John Dodd AM

b. ?. d. ?

DATE OF AM ACTION: 09/08/1871 Formosa.

John Dodd AM

Little is known of the life of John Dodd other than the actions which led to his award of the Albert Medal.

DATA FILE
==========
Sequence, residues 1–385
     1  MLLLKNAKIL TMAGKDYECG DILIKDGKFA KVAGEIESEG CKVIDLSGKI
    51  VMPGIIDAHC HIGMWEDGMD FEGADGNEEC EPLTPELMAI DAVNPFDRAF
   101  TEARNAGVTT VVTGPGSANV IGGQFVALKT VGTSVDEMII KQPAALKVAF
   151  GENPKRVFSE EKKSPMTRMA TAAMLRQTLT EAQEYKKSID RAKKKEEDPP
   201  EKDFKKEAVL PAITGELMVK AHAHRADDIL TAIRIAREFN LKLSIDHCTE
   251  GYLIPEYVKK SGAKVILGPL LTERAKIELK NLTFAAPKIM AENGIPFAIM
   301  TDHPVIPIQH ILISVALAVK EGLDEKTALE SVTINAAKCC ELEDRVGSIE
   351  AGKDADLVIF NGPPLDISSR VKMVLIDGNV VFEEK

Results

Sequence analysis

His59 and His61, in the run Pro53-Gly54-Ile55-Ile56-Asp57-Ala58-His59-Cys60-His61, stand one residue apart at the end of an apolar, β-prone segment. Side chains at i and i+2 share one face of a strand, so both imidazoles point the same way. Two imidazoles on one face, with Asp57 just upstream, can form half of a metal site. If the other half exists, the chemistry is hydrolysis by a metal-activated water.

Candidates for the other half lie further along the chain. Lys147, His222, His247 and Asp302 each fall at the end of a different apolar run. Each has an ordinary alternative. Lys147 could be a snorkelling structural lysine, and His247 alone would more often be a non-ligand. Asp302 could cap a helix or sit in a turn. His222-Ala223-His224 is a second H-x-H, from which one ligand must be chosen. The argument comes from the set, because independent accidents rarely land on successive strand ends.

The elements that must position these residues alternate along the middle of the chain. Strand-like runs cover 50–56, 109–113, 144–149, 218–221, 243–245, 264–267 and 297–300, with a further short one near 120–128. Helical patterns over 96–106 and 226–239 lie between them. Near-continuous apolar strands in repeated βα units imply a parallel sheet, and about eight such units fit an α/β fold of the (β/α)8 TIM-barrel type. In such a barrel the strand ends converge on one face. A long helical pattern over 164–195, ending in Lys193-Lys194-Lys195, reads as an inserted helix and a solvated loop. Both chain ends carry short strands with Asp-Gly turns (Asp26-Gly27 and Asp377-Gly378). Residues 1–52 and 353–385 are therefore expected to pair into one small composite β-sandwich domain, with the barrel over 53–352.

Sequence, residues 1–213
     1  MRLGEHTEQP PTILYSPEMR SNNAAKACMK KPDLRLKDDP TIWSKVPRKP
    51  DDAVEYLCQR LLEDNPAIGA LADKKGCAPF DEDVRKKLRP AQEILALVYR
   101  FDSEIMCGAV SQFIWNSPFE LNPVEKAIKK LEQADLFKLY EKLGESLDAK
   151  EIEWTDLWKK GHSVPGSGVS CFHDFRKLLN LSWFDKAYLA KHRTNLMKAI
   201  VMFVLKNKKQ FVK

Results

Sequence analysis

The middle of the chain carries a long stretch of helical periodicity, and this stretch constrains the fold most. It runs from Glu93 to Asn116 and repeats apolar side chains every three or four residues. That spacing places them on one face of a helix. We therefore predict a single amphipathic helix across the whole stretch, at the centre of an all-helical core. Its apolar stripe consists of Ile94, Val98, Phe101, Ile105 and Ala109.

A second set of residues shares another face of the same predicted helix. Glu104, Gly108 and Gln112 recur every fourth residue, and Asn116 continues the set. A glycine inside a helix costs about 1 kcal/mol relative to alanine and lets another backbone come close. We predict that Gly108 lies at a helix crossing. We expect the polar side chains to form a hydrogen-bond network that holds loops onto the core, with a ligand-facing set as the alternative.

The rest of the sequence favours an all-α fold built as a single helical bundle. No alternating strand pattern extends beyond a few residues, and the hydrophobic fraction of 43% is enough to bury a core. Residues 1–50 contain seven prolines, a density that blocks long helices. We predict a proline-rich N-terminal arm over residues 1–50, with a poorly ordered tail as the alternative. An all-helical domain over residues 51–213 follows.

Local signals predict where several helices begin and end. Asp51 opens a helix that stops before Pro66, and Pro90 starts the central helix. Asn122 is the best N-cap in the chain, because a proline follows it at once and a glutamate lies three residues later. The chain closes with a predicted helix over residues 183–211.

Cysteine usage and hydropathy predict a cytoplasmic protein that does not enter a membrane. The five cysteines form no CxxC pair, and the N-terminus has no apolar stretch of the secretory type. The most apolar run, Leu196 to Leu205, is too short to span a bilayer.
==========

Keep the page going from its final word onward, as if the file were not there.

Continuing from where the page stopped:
During the raging of a very violent typhoon, which burst over the north coast of Formosa on the 9th August, 1871, the schooner “Anne,” of Hong Kong, and the French barque ” Adele” were amongst the vessels blown from their anchorage and driven on the rocky shore of Kelung Harbour. The night was very dark, with a blinding rain, and great quantities of wreck were floating in the water and being washed ashore in the surf; but, by the aid of a brilliant light of burning camphor, the position of the ships was made out from the shore. MR. AUGUSTUS RAYMOND MARGARY, Assistant in Her Majesty’s Consular Service in China, and MR. JOHN DODD, a British Merchant, at Ke-lung, had a rope fastened to their bodies and went into the surf with a view to aiding the crew of the schooner “Anne,” of Hong Kong, the nearest ship that could be discerned. Aiding each other, they waded and then swam a distance of some thirty or forty yards through the surf. The rope proved to be too. short, and they were compelled either to throw it away or to return to the shore. They threw the rope off and reached the ship by swimming. They then tried to reach the shore with a rope from the ship, and after making an unsuccessful effort to do this, they persuaded two volunteers to lower a small boat, which was done with great difficulty, in which MESSRS. MARGARY and DODD tried to row back with a rope. Their efforts were frustrated. The boat was turned completely over and MR. MARGARY was for a few moments underneath it. They were, however, thrown on shore with fortunately but few bruises. The ship was rpcking violently from side to side when they left her, but seemed to sustain no damage, and by the advice of the Captain, who appeared confident then of the strength of his ship, they desisted from further efforts, as there were more distressing cases calling for assistance further off. Timber was strewn on the beach and was beating amongst the rocks in such a way that little hope could be entertained of any living thing yet remaining; but an occasional wail of the sufferers in the sea induced MESSRS. MARGARY and DODD to persevere for several hours. They then with difficulty, effort, and danger, and in the dark, crawled over sandstone rocks of a peculiarly rugged nature, amidst breakers and wreck, until they arrived to within a short distance of the remains of the French, ship “Adele,” and by swimming they were able to make a connexion with her by a rope from the shore. MR. DODD swam” to seize the buoy which the Frenchmen threw over, while MR. MARGARY swam to meet him with the shore rope. They joined the two and immediately gained the deck, which was by this time shattered. With the aid of the rope the greater part of the crew passed safely to shore, when MR. DODD and MR. MARGARY discovered the boatswain lying half under water, with his leg completely broken above the ankle. They raised him and carried him on shore by swimming. They then made repeated efforts to cross the broken back of the ship, to save four men who remained cut off in the bows. These men were helplessly frightened, and could scarcely be got down. MESSES. MARGARY and DODD in the end succeeded, but were both washed down by a heavy sea, which caused much injury to MR. DODD. The last thing which left the ship was a black cat, which clung to Mr. MARGARY’S shoulder in spite of the heavy surf which was rolling Tover all, and when they left the ship she was actually breaking up beneath their feet.